Meghan and Evelyn reach the excavation site, which lies south of the Victorian house in a now-fallow field. Large sheets of thick, black plastic cover the summer’s work, held in place by cinder blocks.
“Jackson’s kept an eye on everything,” Evelyn says. “Especially after last month’s storm. But the tarps didn’t blow away, and there wasn’t any damage. You shouldn’t have any problems when you start again on Monday.”
“The heavy equipment will be here Tuesday. We’ll clear more of this rise and open up the area to the south. The house must have been here. High ground was the best spot, and we found some good early eighteenth-century ceramics on the surface. If the weather cooperates, we’ll excavate any new features when we finish the ones from this summer.”
“I’ve been thinking about that,” Evelyn says. “I know you planned on only digging part of the cellar, but I’d like you to do the whole thing. I’d hate to think something special was left behind. Actually, can you do all the features that way?”
Meghan rubs her neck in thought. “We can, but it’ll cost more. Remember, it’s all done by hand, and the cellar’s about thirty square meters in area. That’s more than three hundred square feet.”
“I keep telling you, Meghan, money’s not an issue. Why do you always worry about it?”
Maybe because I’ll never have anywhere near as much as you, Meghan thinks.
“Because most business folks do. They don’t like the state or feds requiring archaeological work before construction can start. They want it done quick and cheap.”
“Really? Maybe that’ll be enough to keep Riverton from building on the next property. How they got the county to change the zoning is a crime. A shopping mall next to my farm? Never. They don’t know who they’re up against.”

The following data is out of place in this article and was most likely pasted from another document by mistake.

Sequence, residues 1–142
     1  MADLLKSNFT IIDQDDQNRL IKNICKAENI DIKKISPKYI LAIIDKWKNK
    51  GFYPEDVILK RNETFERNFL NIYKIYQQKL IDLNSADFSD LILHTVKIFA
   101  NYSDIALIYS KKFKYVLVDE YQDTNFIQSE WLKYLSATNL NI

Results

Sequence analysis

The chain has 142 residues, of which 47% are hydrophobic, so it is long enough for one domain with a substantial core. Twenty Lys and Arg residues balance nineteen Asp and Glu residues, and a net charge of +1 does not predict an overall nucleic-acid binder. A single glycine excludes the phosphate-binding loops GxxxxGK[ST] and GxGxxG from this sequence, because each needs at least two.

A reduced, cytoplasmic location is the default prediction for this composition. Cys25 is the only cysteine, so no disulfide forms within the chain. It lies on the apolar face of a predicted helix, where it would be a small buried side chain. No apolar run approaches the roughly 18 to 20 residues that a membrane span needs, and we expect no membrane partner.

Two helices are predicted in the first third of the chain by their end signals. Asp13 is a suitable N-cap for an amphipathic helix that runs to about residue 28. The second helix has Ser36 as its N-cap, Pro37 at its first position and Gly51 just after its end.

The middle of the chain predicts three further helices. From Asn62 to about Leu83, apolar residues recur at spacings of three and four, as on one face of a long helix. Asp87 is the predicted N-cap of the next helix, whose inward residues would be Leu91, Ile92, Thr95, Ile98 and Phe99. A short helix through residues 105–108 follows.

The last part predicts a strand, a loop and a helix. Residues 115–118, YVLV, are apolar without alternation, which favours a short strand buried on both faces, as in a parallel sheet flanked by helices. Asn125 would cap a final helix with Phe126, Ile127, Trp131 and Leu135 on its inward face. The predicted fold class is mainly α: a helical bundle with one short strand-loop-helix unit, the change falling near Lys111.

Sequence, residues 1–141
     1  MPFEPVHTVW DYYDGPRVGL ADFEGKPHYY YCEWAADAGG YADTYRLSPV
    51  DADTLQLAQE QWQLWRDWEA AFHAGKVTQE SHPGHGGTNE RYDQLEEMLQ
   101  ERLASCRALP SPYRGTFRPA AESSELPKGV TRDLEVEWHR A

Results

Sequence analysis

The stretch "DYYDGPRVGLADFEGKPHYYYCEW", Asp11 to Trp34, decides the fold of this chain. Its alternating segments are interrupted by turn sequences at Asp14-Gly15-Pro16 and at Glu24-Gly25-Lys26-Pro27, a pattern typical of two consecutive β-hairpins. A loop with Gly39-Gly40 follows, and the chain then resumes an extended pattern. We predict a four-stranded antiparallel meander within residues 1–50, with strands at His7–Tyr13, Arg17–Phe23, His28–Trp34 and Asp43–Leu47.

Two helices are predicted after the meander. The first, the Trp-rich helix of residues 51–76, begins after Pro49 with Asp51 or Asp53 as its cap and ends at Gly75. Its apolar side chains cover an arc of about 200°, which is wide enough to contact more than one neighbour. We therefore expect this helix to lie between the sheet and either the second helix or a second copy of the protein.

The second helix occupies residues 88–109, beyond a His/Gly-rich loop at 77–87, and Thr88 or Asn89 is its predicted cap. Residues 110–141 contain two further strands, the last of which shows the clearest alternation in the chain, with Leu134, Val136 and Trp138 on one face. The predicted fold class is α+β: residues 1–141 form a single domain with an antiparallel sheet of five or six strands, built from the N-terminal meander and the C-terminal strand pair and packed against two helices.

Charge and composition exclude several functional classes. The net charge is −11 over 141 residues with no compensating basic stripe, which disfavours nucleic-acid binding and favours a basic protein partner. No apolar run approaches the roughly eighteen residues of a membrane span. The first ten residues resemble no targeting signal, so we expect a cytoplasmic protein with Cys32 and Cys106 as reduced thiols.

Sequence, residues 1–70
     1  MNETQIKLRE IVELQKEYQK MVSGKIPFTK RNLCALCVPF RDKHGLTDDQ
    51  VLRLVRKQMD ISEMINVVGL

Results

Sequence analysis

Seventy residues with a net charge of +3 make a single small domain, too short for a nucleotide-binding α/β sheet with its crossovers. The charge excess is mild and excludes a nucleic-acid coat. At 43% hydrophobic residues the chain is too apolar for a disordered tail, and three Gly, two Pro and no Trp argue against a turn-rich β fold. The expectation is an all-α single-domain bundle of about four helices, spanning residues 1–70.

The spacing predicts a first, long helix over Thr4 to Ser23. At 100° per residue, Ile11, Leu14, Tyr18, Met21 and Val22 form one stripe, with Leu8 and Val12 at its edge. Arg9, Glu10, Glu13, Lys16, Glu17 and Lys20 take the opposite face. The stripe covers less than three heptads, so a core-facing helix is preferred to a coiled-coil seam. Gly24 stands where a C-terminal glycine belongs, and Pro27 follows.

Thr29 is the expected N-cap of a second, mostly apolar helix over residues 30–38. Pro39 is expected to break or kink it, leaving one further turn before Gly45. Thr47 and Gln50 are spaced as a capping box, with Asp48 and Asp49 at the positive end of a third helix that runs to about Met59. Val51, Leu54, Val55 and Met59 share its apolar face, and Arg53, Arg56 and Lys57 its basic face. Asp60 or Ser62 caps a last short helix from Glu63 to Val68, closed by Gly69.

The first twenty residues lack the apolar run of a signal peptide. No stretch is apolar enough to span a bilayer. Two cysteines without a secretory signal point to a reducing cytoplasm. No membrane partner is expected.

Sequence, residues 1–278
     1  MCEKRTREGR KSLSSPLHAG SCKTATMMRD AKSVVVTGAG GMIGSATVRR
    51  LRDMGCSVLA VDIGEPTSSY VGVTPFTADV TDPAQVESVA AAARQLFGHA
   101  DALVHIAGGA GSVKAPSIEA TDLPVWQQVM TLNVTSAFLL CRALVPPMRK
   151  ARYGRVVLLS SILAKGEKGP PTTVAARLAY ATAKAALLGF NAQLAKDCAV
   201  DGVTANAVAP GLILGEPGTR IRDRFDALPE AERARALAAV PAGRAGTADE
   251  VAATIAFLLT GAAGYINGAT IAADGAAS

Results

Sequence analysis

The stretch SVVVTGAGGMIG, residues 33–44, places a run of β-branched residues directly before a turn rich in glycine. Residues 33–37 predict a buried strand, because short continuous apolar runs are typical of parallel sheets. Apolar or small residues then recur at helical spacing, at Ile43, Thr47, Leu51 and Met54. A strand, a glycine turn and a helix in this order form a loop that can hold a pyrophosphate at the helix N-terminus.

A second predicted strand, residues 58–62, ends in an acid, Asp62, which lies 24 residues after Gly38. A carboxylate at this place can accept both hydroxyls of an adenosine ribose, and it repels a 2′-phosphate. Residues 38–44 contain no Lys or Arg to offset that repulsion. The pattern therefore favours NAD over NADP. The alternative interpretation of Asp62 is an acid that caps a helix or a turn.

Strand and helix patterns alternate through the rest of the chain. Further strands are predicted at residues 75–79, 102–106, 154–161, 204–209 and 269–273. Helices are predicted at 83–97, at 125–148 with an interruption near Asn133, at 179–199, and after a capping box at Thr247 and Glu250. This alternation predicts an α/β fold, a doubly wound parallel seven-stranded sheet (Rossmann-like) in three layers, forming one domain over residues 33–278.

Meghan understands Evelyn’s complaint, even though “shopping mall” is an exaggeration. Riverton Developers’ plans call for a small building for six specialty shops and a restaurant. She wonders if Evelyn and her husband carry enough weight to derail the project.
Before buying Wyndham Thicket, Evelyn was a real estate agent, handling exclusive properties in Fairfax and Loudoun Counties. Douglas Browne is a senior partner with a powerful DC law firm. But Riverton has deep pockets and political ties. The legal battle should be fierce.
A flurry of long red fur and legs interrupts their conversation. Evelyn’s two Irish Setters bound across the field, each dropping a ball by the two women. In one smooth motion, Evelyn scoops up the slobber-laden offerings and throws them down the hill behind Meghan. Maisy and Chess stumble into each other in their eagerness to play.
“Such klutzes,” Evelyn says with a laugh. “They’re not the sharpest pencils in the box, either. But anyway, I don’t care what it costs. I really want you to find everything you can. Don’t you think a small reproduction building would be a nice way to show the artifacts?”
Before Meghan can reply, Evelyn’s smile disappears. “Oh, no. Maisy, Chess—stop!”
But the dogs knock Meghan to the ground in their rush to continue the game.
She rises to her knees, only to take Chess’s wagging tail in the face.
You can’t spend a few dollars on obedience training? Meghan wonders.
“I’m so sorry,” Evelyn says, pushing the dogs away to help Meghan stand. “I wasn’t thinking. I should have thrown the balls to the side.”
“That’s okay. I’ll take dogs over livestock any day. I slipped into a fresh cow pie once. Hopefully never again.”
She brushes the dirt from her pants. “A reproduction building would be a nice touch. But we might not find any complete artifacts or even broken ones that can be put back together.”
“Even the broken bits fascinate me,” Evelyn says. “I love holding something my fifth great grandparents could have used. Isaac Walker was a good man, no matter how much Mr. Sloma slanders him with those old legends.” Eying the western sky, she adds, “That rain will be here sooner than I thought. We’d better get back inside.”
A rumble of thunder punctuates her words, and the two women pick up their pace. Maisy and Chess, spooked by the noise, are soon far ahead of them.
I hope you’ll stay tuned for Part 3 next Tuesday.